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From the author of Mauve, an obsessively readable memoir that brings the mania for stamp collecting to life From the Penny Red to the Blue Mauritius, generations of collectors have been drawn to the mystique of rare stamps.Once a widespread pastime of schoolboys, philately has increasingly become the province of older men obsessed with the shrewd investment, the once-in-a-lifetime find, the one elusive beauty that will complete a collection and satisfy an unquenchable thirst.As a boy, Simon Garfield collected errors-rare pigment misprints that create ghostly absences in certain stamps. When this passion reignited in his mid-forties, it consumed him. In the span of a couple of years he amassed a collection of errors worth upwards of forty thousand pounds, pursuing not only this secret passion, but a romantic one as his marriage disintegrated. In this unique memoir, Simon Garfield twines the story of his philatelic obsession with an honest and engrossing exploration of the rarities and absences that both limit and define us. The end result is a thoughtful, funny, and enticing meditation on the impulse to possess.
A hugely entertaining and revealing guide to the history of type that asks, What does your favorite font say about you? Fonts surround us every day, on street signs and buildings, on movie posters and books, and on just about every product we buy. But where do fonts come from, and why do we need so many? Who is responsible for the staid practicality of Times New Roman, the cool anonymity of Arial, or the irritating levity of Comic Sans (and the movement to ban it)? Typefaces are now 560 years old, but we barely knew their names until about twenty years ago when the pull-down font menus on our first computers made us all the gods of type. Beginning in the early days of Gutenberg and ending with the most adventurous digital fonts, Simon Garfield explores the rich history and subtle powers of type. He goes on to investigate a range of modern mysteries, including how Helvetica took over the world, what inspires the seeming ubiquitous use of Trajan on bad movie posters, and exactly why the all-type cover of Men are from Mars, Women are from Venus was so effective. It also examines why the "T" in the Beatles logo is longer than the other letters and how Gotham helped Barack Obama into the White House. A must-have book for the design conscious, Just My Type's cheeky irreverence will also charm everyone who loved Eats, Shoots & Leaves and Schott's Original Miscellany.
To the Letter tells the story of our remarkable journey through the mail. From Roman wood chips discovered near Hadrian's Wall to the wonders and terrors of email, Simon Garfield explores how we have written to each other over the centuries and what our letters reveal about our lives. Along the way he delves into the great correspondences of our time, from Cicero and Petrarch to Jane Austen and Ted Hughes (and John Keats, Virginia Woolf, Jack Kerouac, Anaïs Nin and Charles Schulz), and traces the very particular advice offered by bestselling letter-writing manuals. He uncovers a host of engaging stories, including the tricky history of the opening greeting, the ideal ingredients for invisible ink, and the sad saga of the dead letter office. As the book unfolds, so does the story of a moving wartime correspondence that shows how letters can change the course of life. To the Letter is a wonderful celebration of letters in every form, and a passionate rallying cry to keep writing.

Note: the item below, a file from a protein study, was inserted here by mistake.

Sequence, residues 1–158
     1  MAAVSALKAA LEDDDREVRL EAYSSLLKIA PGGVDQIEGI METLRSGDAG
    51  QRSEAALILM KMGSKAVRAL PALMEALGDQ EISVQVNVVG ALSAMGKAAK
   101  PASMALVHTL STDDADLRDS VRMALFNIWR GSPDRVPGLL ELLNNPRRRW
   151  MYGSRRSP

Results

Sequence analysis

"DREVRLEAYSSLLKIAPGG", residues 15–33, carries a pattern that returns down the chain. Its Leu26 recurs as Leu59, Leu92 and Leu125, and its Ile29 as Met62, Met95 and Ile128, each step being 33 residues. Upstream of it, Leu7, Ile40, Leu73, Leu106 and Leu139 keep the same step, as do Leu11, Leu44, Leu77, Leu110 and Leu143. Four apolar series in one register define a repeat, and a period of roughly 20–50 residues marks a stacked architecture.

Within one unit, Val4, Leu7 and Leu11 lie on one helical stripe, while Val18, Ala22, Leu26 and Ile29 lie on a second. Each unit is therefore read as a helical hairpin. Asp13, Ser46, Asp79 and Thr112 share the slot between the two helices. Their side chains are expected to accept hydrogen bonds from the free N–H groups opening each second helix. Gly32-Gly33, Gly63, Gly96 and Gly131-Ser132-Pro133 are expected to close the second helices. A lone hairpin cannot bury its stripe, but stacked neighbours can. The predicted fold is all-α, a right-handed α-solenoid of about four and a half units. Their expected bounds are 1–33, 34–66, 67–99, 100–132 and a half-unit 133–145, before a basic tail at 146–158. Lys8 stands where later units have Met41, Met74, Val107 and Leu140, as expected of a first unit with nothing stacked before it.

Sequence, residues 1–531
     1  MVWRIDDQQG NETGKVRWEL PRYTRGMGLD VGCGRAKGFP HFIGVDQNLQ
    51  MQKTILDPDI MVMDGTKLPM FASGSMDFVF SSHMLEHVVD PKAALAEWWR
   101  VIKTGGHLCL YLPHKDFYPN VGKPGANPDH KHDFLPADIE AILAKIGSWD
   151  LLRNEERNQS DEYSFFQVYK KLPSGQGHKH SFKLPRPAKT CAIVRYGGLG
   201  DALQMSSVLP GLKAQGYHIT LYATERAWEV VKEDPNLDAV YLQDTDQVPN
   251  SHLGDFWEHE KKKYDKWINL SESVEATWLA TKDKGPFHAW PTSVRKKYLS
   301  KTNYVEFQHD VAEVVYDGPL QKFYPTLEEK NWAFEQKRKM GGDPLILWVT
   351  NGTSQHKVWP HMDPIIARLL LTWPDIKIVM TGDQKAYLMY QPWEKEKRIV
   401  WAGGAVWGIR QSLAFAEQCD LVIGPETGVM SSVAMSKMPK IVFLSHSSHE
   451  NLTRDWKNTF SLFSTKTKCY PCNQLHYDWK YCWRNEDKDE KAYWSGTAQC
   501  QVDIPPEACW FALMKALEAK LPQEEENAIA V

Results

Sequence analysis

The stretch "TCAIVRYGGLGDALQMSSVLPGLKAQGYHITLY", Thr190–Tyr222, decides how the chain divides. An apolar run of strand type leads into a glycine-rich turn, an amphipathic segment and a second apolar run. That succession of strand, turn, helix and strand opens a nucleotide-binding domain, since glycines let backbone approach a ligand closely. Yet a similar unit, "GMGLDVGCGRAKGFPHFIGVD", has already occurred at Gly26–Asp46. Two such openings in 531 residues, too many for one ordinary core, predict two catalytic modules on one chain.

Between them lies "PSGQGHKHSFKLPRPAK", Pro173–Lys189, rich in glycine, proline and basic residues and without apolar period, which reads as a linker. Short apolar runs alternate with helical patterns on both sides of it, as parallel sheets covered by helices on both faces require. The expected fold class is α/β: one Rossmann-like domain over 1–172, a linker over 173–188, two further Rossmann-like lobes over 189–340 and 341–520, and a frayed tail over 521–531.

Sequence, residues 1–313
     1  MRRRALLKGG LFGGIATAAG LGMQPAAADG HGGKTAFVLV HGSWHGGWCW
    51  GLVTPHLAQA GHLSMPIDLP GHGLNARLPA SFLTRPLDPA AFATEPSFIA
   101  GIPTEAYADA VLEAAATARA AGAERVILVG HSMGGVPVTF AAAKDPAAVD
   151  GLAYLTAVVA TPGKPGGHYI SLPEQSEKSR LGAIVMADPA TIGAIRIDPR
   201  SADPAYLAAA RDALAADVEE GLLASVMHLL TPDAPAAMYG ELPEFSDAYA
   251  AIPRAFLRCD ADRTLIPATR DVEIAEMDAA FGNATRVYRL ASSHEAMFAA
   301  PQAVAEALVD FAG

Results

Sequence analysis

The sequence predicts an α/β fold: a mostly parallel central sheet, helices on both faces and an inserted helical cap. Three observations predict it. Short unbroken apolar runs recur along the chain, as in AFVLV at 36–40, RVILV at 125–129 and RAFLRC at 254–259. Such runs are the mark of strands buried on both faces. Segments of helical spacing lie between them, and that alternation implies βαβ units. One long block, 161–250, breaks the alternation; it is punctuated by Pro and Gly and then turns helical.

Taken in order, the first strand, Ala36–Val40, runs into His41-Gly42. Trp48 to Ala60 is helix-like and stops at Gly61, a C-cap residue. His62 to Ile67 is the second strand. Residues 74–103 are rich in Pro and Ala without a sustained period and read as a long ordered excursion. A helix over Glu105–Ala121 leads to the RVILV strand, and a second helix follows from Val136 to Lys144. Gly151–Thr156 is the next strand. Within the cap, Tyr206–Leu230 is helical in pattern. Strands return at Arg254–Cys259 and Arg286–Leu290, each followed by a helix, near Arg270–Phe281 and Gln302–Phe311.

The New York Times bestselling author of Just My Type and On the Map offers an ode to letter writing and its possible salvation in the digital age. Few things are as exciting--and potentially life-changing--as discovering an old letter. And while etiquette books still extol the practice, letter writing seems to be disappearing amid a flurry of e-mails, texting, and tweeting. The recent decline in letter writing marks a cultural shift so vast that in the future historians may divide time not between BC and AD but between the eras when people wrote letters and when they did not. So New York Times bestselling author Simon Garfield asks: Can anything be done to revive a practice that has dictated and tracked the progress of civilization for more than five hundred years? In To the Letter, Garfield traces the fascinating history of letter writing from the love letter and the business letter to the chain letter and the letter of recommendation. He provides a tender critique of early letter-writing manuals and analyzes celebrated correspondence from Erasmus to Princess Diana. He also considers the role that letters have played as a literary device from Shakespeare to the epistolary novel, all the rage in the eighteenth century and alive and well today with bestsellers like The Guernsey Literary and Potato Peel Pie Society. At a time when the decline of letter writing appears to be irreversible, Garfield is the perfect candidate to inspire bibliophiles to put pen to paper and create "a form of expression, emotion, and tactile delight we may clasp to our heart."
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